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I'm surprised no one has mentioned FOOD yet.

Last year on R4 some restaurant critic said that in his experience, "the worst in Tokyo was better than the best in Paris."

And some of you must have seen that episode where Rick Stein went to Japan to see how they did it. By the end of the programme he was speechless at their general skill and obviously felt completely outclassed.

At one point he asked an ex PM what English dish he preferred and the man asked for examples of English dishes. That said it all. Stein vaguely mumbled something about roast beef.

How pathetic we are.

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I'd like to say that the Japanese I worked with had 'blind loyalty' - nothing was questioned by authority and when I questioned company policy or whatever it was not added to by staff. They, at least where I worked, prefered to follow than lead or create.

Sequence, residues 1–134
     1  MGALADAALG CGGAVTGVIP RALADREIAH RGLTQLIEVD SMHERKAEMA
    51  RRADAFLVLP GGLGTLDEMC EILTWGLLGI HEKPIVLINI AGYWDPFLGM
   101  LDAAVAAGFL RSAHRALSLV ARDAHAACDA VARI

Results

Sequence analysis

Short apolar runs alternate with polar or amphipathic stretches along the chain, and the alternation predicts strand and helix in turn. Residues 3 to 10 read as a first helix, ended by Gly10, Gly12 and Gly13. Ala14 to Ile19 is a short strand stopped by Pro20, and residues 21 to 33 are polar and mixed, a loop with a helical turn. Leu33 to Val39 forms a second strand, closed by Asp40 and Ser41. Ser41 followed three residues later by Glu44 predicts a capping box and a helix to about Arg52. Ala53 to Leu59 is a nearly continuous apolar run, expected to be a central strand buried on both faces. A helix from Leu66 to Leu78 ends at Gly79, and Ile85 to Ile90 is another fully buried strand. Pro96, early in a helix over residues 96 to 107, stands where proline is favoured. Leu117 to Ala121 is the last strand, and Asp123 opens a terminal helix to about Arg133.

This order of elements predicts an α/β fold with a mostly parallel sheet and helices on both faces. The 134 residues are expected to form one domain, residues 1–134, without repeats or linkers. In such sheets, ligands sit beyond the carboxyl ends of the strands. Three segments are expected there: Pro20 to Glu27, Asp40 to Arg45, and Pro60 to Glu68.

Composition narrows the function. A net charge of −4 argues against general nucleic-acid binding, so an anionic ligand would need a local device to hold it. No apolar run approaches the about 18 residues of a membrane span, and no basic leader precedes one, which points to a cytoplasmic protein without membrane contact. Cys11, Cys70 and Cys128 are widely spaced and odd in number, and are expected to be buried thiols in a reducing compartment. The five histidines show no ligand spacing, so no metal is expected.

Sounds familiar! I don't expect to change anything in the places where I work. I'd be fine just putting my head down and getting on with it. I know the score in that respect. Unless you are aged and paid some serious amount of dues, you'll never get anywhere trying to get things changed.

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Sounds familiar! I don't expect to change anything in the places where I work. I'd be fine just putting my head down and getting on with it. I know the score in that respect. Unless you are aged and paid some serious amount of dues, you'll never get anywhere trying to get things changed.

Yes, I agree, it would be foolish to try and change it. I think a genuine attempt at 'fitting in' is only right out of respect for the culture you go to. I learnt Japanese as well, but I'm sure you know some from your wife?

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Yes, I agree, it would be foolish to try and change it. I think a genuine attempt at 'fitting in' is only right out of respect for the culture you go to. I learnt Japanese as well, but I'm sure you know some from your wife?